The National Comprehensive Cancer Network (NCCN) 2023 Patient Guidelines recommend the following treatment for ovarian cancer patients:

Source: NCCN 2023 Guidelines for Patients – Ovarian Cancer
Source: NCCN 2023 Guidelines for Patients – Ovarian Cancer

Chemotherapy and Maintenance Therapy Side Effects

Side effects of chemotherapy depend on what medicine is being used, and in what dose, plus many other factors. Chemotherapy kills rapidly-growing cells, which includes not just cancer cells but also healthy cells in other parts of the body. Common side effects include low blood counts, fatigue, nausea, hair loss, neuropathy, mouth sores, and increased risk of infection.

Some people experience hypersensitivity (similar to an allergic reaction) to treatment. Please ask your doctor about what to expect, and what is considered a rare side effect or experience, so you and your loved ones can be aware of what to look out for.

For more information about the different standard chemotherapy treatment options, please visit pages 30-31 of National Comprehensive Cancer Network Patient Guidelines 2023. For more information about clinical trials near you, visit OCRA’s Clinical Trial Navigator.

Questions for Your Doctor About Chemotherapy

Here are some questions the National Cancer Institute suggests you might consider asking a doctor before you start chemotherapy:

  • When will treatment start? When will it end? How often will I have treatment?
  • Which drugs will I have?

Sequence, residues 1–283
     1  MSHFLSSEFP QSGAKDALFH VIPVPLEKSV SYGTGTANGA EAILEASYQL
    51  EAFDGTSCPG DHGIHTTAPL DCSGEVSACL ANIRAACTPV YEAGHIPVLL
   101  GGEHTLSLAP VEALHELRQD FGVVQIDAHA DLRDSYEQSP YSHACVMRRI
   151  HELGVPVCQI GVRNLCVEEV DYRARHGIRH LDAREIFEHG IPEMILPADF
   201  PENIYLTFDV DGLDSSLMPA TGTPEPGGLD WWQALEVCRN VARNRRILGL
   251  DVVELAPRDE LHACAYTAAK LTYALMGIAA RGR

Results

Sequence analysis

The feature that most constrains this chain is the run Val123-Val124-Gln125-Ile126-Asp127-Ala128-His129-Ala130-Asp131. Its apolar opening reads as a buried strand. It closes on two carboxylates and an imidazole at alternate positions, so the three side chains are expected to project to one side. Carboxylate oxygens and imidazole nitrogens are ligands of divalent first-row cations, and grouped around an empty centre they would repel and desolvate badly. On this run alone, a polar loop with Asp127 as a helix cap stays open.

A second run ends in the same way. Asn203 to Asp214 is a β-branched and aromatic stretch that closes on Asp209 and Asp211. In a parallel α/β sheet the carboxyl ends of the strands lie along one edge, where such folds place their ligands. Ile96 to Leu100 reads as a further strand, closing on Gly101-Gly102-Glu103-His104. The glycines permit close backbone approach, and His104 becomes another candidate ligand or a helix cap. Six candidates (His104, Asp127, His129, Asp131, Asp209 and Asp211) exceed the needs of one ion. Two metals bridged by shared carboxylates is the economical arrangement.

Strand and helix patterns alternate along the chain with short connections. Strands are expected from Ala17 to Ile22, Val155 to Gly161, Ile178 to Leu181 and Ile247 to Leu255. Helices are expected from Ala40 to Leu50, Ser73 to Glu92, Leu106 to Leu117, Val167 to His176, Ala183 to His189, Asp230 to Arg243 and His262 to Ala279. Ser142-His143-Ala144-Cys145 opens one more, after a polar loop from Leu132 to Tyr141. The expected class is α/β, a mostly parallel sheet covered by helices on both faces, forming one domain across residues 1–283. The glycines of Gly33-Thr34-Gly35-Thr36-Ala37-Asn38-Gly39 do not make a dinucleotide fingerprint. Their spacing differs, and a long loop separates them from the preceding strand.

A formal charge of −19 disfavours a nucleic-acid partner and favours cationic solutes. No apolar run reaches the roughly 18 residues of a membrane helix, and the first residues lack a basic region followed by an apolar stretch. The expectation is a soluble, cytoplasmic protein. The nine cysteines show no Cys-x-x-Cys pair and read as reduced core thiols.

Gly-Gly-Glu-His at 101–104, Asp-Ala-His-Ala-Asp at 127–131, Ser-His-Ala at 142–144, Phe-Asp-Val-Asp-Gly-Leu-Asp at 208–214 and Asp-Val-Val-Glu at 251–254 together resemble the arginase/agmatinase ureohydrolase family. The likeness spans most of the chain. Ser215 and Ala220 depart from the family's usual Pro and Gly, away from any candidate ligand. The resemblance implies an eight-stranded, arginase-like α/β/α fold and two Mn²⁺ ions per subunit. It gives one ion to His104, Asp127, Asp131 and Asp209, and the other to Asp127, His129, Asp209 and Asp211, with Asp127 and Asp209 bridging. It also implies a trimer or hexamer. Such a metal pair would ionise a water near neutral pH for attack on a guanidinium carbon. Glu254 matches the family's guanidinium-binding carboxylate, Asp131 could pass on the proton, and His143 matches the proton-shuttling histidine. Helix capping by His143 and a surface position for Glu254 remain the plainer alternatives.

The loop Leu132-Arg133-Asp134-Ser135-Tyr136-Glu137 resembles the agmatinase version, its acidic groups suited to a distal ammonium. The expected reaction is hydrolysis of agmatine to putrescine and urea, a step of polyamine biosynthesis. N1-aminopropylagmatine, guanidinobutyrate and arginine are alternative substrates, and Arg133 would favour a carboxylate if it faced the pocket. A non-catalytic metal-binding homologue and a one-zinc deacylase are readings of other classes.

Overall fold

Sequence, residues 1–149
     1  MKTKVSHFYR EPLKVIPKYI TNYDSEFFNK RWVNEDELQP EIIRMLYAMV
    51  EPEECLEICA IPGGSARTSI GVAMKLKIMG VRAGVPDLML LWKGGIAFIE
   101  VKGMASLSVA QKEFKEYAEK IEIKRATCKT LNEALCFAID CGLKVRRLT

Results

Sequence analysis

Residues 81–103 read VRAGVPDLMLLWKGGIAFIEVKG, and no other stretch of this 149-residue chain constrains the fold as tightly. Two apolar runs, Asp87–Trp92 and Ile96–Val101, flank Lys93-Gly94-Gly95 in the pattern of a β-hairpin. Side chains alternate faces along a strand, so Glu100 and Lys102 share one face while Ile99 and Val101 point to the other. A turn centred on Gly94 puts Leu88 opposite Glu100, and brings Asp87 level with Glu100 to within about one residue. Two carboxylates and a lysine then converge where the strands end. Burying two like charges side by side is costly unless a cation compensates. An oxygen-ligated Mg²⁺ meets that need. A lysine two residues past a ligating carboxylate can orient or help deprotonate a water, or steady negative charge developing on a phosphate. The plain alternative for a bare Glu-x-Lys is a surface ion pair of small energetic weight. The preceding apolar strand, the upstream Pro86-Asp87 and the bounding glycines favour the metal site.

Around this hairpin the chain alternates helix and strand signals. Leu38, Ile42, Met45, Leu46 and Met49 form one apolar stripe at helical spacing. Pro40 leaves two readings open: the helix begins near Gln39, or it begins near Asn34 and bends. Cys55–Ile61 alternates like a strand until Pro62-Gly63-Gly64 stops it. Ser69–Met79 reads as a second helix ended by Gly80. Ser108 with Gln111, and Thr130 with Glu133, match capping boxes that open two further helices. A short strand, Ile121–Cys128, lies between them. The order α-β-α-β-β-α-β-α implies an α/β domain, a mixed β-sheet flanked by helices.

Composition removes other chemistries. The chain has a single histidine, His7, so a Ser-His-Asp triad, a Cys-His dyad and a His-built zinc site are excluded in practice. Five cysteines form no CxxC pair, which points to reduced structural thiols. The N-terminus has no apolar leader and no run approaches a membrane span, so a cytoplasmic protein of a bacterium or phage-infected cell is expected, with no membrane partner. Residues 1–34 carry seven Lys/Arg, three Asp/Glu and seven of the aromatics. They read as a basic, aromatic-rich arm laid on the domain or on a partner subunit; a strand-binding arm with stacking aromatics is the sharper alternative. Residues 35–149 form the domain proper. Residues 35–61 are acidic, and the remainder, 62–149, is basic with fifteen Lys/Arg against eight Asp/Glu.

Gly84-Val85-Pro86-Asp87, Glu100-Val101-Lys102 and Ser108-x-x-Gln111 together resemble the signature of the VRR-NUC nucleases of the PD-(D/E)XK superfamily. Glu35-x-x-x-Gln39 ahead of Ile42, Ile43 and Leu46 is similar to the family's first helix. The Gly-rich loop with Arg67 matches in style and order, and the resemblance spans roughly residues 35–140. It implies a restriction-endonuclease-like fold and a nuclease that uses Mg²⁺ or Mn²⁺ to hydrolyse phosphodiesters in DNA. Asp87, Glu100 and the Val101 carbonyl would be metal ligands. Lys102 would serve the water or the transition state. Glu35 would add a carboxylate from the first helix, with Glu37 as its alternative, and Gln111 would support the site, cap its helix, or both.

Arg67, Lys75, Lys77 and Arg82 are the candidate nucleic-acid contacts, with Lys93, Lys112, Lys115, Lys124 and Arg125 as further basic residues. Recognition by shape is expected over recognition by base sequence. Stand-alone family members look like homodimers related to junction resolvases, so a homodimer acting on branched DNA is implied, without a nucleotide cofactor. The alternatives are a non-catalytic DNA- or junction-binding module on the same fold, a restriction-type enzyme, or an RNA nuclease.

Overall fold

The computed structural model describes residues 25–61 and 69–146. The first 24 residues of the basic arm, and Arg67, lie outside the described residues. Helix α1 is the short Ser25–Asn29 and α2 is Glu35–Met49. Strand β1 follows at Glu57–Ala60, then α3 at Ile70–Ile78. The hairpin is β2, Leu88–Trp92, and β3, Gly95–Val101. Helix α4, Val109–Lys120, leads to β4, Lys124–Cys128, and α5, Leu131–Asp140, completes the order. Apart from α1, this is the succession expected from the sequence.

• How do the drugs work?
  • Do you recommend intravenous and intraperitoneal chemotherapy for me? Why?
  • What are the expected benefits of treatment?
  • Will I have a port placed for my treatment?
  • What are the risks of treatment? What side effects might I have?
  • How can I prevent or treat these side effects?
  • How much will chemotherapy cost? Will my health insurance pay for all of the treatment?

Tips from our community about what to expect during and after chemotherapy

Participants in OCRA’s Woman to Woman peer support program and Staying Connected virtual support series share helpful tips below about dealing with chemotherapy treatment. You may not experience any or all of these described. And, always ask your health team before using any medications or homeopathic therapies.

  • If you experience new symptoms and side effects, ask your doctor for help.
  • Don’t be afraid to ask for help. Cancer is not a war, and you do not need to suffer to be successful in treatment.
  • Using plastic utensils can mitigate the metallic taste some people get throughout treatment.
  • It can be empowering to cut your hair short early.
  • Remember to drink water or juice to stay hydrated throughout treatment.
  • Walking and light exercise can make a big difference.
  • Chew ice chips to prevent mouth sores.
  • Using ice on your hands and feet can help with neuropathy.
  • Acupuncture can be helpful for nausea, pain, trouble sleeping, and digestion issues.
  • Ask for a prescription to help cover the cost of wigs. l
  • A heating pad and Epsom salt baths can help with bone pain.  
  • Participate in OCRA’s Staying Connected support series to find others in the community and process your experiences.